After spending three months at home taking care of necessary business, my wife and I prepare for a four-month travel adventure that will begin in West Africa’s Cape Verde Islands. We purchase one-way airline tickets, as we often travel without reservations beyond the first few nights lodgings.
Enter the energy of “Three months at home,” a powerful, psychological experience that wreaks havoc upon our freestyle spirit of travel. Daily television news shows, politics, an overload of internet information, all this bombardment sprouts seeds of fear and paranoia in us. Suddenly, our world appears doomed. War is inevitable. If fatal violence doesn’t get you, a new disease will. Don’t leave home. The world is a scary place, and it’s either melting or blowing up!
I’m getting sucked-in. Starting to believe that the whole world hates Americans, especially since the recent divisive election. Many people think that our country tolerates racism, and we’re a couple of white Americans planning travels to West Africa?
There’s more. Azores Airline employees are on a two-day strike. Reviews on Trip Advisor warn us to stay clear of this terrible airline, describing the planes as old and decrepit, the staff rude, and common delays up to ten hours. Reviews also tell us that our hotel on the island of Fogo has no air conditioning, and previous guests have felt unsafe. I’m nervous. Even my free-spirited wife starts to get nervous. We don’t know what to believe anymore. Too much information coming in from all angles. Let’s get out of here!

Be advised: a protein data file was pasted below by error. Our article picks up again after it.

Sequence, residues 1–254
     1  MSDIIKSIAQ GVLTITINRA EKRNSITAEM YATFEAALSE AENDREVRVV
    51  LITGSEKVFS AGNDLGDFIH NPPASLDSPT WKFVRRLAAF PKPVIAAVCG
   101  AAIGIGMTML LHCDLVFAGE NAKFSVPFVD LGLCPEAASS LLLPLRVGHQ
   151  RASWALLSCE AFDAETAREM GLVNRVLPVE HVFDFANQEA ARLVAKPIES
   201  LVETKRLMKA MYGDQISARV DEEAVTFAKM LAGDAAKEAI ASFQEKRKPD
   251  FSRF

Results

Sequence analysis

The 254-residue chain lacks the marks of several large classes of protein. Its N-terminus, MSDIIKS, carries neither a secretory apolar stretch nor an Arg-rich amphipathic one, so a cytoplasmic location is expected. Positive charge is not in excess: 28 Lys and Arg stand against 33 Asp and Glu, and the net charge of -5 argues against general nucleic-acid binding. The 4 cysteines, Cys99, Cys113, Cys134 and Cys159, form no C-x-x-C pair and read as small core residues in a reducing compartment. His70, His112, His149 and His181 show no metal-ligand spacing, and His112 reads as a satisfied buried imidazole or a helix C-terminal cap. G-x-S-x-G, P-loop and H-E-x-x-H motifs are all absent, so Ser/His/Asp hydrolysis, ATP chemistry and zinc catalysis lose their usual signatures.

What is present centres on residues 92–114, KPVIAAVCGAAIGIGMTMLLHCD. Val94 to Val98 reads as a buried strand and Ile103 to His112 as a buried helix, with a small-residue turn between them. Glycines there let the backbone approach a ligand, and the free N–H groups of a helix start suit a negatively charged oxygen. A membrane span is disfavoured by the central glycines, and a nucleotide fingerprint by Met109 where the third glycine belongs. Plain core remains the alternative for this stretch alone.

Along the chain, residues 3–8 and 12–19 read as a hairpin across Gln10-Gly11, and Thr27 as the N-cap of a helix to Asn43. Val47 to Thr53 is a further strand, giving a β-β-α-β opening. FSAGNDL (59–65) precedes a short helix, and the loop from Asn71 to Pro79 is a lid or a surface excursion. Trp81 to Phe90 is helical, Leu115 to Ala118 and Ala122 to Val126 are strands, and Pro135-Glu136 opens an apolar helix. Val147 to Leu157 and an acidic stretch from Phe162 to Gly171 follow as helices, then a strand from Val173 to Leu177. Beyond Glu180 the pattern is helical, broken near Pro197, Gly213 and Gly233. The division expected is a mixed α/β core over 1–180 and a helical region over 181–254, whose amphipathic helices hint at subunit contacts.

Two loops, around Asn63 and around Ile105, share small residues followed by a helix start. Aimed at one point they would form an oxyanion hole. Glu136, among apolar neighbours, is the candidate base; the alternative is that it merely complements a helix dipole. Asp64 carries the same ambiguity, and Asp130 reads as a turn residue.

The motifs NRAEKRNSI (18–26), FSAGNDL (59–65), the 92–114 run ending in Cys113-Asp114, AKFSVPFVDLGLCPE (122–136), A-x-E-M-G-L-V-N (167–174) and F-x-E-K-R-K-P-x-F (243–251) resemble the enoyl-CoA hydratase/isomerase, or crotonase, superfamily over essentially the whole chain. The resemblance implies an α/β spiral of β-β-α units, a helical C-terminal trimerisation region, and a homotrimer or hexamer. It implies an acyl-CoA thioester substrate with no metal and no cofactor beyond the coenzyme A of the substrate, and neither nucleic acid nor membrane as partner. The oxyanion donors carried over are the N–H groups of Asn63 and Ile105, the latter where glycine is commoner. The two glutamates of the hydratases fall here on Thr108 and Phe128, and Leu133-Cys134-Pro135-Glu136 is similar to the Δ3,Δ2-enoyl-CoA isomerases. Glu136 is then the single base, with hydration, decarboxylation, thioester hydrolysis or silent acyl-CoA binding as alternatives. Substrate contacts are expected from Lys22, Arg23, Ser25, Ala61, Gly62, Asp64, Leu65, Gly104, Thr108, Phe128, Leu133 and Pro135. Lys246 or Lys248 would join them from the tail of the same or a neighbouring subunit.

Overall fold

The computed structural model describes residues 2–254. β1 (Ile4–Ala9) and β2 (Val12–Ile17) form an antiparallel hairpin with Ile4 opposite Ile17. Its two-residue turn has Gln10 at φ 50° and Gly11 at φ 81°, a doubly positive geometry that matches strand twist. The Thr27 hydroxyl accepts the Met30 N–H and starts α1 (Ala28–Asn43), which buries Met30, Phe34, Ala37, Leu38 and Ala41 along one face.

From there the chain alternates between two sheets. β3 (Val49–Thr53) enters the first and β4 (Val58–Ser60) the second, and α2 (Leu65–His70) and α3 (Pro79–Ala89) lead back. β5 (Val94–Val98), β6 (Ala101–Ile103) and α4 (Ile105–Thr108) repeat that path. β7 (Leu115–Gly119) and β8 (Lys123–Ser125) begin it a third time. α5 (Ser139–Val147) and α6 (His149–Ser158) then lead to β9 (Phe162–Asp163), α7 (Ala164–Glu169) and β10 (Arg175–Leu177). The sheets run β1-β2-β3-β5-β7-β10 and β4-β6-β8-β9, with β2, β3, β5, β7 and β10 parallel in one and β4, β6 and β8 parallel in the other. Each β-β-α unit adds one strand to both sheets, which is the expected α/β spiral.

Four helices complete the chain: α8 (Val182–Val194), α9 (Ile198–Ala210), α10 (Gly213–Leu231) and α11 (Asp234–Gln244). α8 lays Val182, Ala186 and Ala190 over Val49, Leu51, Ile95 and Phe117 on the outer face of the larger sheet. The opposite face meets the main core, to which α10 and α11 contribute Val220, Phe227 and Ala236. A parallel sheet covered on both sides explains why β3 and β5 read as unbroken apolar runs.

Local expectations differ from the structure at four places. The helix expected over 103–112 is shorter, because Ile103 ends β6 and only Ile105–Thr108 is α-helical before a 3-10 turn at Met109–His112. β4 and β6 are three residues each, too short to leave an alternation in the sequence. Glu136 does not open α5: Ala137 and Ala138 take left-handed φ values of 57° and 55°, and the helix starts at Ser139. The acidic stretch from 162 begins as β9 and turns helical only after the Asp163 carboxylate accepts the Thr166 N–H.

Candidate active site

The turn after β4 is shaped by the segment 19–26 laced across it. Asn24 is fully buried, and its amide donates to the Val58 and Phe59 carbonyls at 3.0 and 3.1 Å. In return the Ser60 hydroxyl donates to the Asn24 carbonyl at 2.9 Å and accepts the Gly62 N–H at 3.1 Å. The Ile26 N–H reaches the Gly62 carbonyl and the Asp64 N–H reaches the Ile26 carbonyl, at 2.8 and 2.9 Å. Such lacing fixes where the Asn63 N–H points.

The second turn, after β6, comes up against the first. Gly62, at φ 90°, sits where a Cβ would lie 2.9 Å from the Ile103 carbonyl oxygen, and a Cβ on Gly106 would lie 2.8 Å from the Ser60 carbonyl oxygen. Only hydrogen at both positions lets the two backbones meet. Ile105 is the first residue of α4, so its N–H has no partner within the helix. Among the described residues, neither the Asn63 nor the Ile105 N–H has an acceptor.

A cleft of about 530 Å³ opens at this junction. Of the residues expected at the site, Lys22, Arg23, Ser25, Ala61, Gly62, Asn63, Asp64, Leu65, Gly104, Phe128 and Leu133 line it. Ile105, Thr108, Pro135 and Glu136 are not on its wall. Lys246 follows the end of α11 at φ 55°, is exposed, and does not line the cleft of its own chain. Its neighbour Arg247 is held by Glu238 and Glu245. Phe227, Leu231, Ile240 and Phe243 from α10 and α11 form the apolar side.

We start to feel better the moment we hit the skies. The world beyond television and internet welcomes us. It’s a life full of real people, nice people. Face to face interactions and experiences dominate, rather than distant opinions, tirades, and preconceived notions. The reality of travel on our Azores Airlines flight proves to be one of the most unique, fun experiences we have ever had on a plane. A stranger invites us to his house for a big party next Saturday. Musicians play guitars, bongos, sing and dance down the aisle. Flight attendants serve cake and fill our glasses with champagne, in celebration of the airline’s maiden direct route.
We land in the city of Praia, on the island of Santiago in Cape Verde, and wait during a four-hour layover. We’re the only white people. Strangers welcome us with friendly gestures and attempts at conversation in English. Four guys at a nearby table buy us a round of beers. A young woman from our flight invites us to join her for lunch with her cousin during the layover. We decline, merely because of exhaustion.
Our final flight lands on a live volcano – the island of Fogo. We look forward to hiking to the top. To hell with the energy of “Three months at home,” that spirit killer which had tried to prevent us from leaving our “comfort zone.” We escape its grip, back into freestyle travel, and it feels fabulous. Stay tuned for some travel blog posts that explore new adventures. Peace, love, and happy trails to all.